Northcote Thomas Record No.405 (British Library: C51/2625), recorded in Awka on December 12, 1910.

Northcote Thomas’s original recording of Nwa Mgboto. Recorded in Awka, December 12, 1910. (NWT 405; BL C51/2625)

Lyrics in Igbo
Nwa mgbọtọ eme m na m amarọ ihe
Nwa mgbọtọ eme m na m amarọ ihe
Nwa mgboto oo oo, Nwa mgboto oo oo
Nwa mgbọtọ eme m na m amarọ ihe
Nwa mgboto oo oo, Nwa mgboto oo oo
Nwa mgbọtọ eme m na m amarọ ihe
Nwa mgboto akpagbuo m na nganga
Nwa mgbọtọ eme m na m amarọ ihe
Nwa mgboto akpagbuo m na nganga
Nwa mgboto akpagbuo m na nganga
Nwa mgboto akpagbuo m na nganga
Nwa mgbọtọ eme m na m amarọ ihe
Nwa mgboto oo oo, Nwa mgboto oo oo
Iyooo Iyo, Iyooo Iyo
Iyooo Iyo, nwanyi ogbirigbi I ga taa gba kwa?
Iyooo Iyo, Iyooo Iyo

Lyrics in English
The young woman takes me for a fool
The young woman takes me for a fool
The young woman! The young woman!
The young woman takes me for a fool
The young woman! The young woman!
The young woman takes me for a fool
The young woman is showing off
The young woman takes me for a fool
The young woman is showing off
The young woman is showing off
The young woman is showing off
The young woman takes me for a fool
The young woman! The young woman!
(Wailing)
Woman, the good dancer, will you dance today?
(Wailing)

Nwa mgbọtọ (The Young Woman) is a mother’s lament. The melody emphasizes the B hexatonic minor mode in compound duple time. Most people who listened to this song wondered what the young woman did to the mother, which provoked such a lamentation. It is also sung by mother’s as a corrective against unseemly behaviour.

Recreation of Nwa Mgboto led by Kosisochukwu Sandra Adigwe, June 2019. Video recorded by George Agbo.

Onye Ilo na-akpọ (The Enemy Keeps Calling)

Northcote Thomas Record No.433 (British Library: C51/2671), recorded in Awka on January 25, 1911.

Northcote Thomas’s original recording of Onye Ilo na-akpo. Recorded in Awka, January 25, 1911. (NWT 433; BL C51/2671)

Lyrics in Igbo
Onye Ilo na-akpọ – Ojeme, Ojeme
K’lakụ nwa nna m, Igbo bụ Eze nwa nna m
Onye Ilo na-akpọ – Ojeme, Ojeme
K’lakụ nwa nna m, Odumodu nwa nna m
Onye Ilo na-akpọ – Ojeme, Ojeme

Lyrics in English
The enemy keeps calling
Clerk my brother, kingly Igbo my brother
The enemy keeps calling
Clerk my brother, Leopard my brother
The enemy keeps calling

The music is on D tetratonic mode in compound duple time; it is a repetitive call and response song. During the colonial era, people expressed their grievances through songs. The use of the word K’lakụ or ‘Clerk’ in the song indicates its connection with the colonial oppression of the Igbo people of Southeastern Nigeria. It is a song of praise as well as protest. The ‘Native Clerk’ was a controversial and ambiguous figure in the early twentieth century when Thomas recorded the song – they were local people, but also functionaries within colonial governance. It is a historical fact that Native Clerks took advantage of their positions and exploited the people to enrich themselves. We hear a statement of praise – ‘Clerk, my brother, kingly Igbo my brother, Clerk my brother, Leopard my brother’ – and a statement of protest – ‘The enemy keeps calling’. The people praised the Native Clerk, but referred to the ‘White Man’ as the enemy. In our discussions with elders, the dominant interpretation of the meaning of the song is that the British colonialists were the enemy that kept issuing instructions (the enemy that keeps calling). It would have been performed during moonlight dance.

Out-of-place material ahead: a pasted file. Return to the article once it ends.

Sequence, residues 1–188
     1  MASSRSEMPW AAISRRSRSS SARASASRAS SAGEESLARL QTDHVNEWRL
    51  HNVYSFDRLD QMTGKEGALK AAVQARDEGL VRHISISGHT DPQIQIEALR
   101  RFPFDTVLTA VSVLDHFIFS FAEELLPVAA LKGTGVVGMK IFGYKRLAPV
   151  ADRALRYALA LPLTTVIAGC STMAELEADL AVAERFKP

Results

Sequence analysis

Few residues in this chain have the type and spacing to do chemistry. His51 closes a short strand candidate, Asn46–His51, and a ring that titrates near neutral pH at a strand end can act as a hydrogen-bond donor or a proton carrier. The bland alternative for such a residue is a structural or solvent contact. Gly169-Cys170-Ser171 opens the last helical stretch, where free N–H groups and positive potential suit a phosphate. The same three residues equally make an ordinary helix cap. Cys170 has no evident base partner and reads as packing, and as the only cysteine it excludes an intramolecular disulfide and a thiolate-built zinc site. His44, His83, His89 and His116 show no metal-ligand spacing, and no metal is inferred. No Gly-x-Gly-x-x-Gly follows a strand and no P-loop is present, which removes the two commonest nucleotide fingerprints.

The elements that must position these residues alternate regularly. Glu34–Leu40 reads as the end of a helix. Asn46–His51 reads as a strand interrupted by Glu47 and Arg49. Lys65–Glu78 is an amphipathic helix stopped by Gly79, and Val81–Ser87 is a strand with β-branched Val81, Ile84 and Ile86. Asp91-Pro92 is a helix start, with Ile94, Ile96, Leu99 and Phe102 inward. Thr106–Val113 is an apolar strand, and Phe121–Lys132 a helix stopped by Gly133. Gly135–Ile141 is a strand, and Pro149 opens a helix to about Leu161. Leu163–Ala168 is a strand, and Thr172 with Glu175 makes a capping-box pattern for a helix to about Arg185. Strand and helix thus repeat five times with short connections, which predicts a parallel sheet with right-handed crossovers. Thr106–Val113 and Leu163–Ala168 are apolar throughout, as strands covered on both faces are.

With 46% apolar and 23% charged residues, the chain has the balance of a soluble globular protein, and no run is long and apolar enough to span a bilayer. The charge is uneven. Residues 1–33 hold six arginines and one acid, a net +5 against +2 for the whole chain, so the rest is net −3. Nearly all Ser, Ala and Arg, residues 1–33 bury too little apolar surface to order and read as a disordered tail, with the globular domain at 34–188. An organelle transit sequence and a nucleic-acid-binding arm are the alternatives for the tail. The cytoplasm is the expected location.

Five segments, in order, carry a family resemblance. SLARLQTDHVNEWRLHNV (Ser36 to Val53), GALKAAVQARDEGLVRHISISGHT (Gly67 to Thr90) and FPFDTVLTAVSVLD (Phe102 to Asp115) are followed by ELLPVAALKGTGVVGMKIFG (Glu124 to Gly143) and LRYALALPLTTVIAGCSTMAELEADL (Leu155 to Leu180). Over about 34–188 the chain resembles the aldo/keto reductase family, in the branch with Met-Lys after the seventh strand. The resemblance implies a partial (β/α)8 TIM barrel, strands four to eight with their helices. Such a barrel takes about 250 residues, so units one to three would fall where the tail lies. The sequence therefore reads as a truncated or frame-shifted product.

Recreation of Onye Ilo na-akpo led by Goodness Okwuchukwu, June 2019. Video recorded by George Agbo.

Challenges and possibilities

The aesthetic value as well as the socio-cultural implications of Northcote Thomas’s recordings calls for further academic inquiry. Contemplating this remarkable sound archive has led me to ask many questions. Does such music still exist in Nigeria? How did people respond to such music at the time it was recorded and how might they respond to it now? How were these folksongs performed then? In what contexts are they performed now, if any? What about the influence of Westernization/globalization? What about the structural differences in tonality, harmony and rhythm when compared to contemporary interpretations of the folksongs?

The educational value of Thomas’s recordings is huge, especially as a body of indigenous instructional material amid calls for the decolonization of musical arts education in Nigeria. The records led me to consider how ordinary people responded to colonial oppression through song. The songs are an important historical source for understanding the experience of colonialism ‘from below’, and much more research of the kind we have begun here could be conducted in this respect.

One challenge I encountered in this research, however, is that many people here in Nigeria are seemingly either indifferent or ill-disposed towards these historical recordings. The task of finding local people to work with and reproduce the songs was not easy. Some people expressed that they were afraid of listening to the songs; some stated that they sounded frightening or esoteric; others said that it was the music of the dead. As a result they distanced themselves from any further discussion.

Furthermore, the present security challenge in Nigeria made people cautious when talking to me. In Nigeria today, a well-dressed young man moving from street to street, asking people for locations and begging them to listen to his music can be interpreted as a ‘419er’ – a fraudster. This is the situation of things; many persons ignored me because they thought I was on a mission to hoodwink them.

Despite all this, research for the [Re:]Entanglements project has spurred me to rethink my own Igbo culture and heritage, and to consider the important place of our indigenous music traditions in building national consciousness.

Thank you, Samson, for your inspiring and thought-provoking article and the brilliant research on which it was based! — Paul

All surviving recordings from N. W. Thomas’s four anthropological surveys are available at the project’s SoundCloud site. Do let us know if you are interested in translating, transcribing or recreating any of the tracks! We’d like to acknowledge the additional support of a small grant from British Library Sounds that has contributed to making this research possible.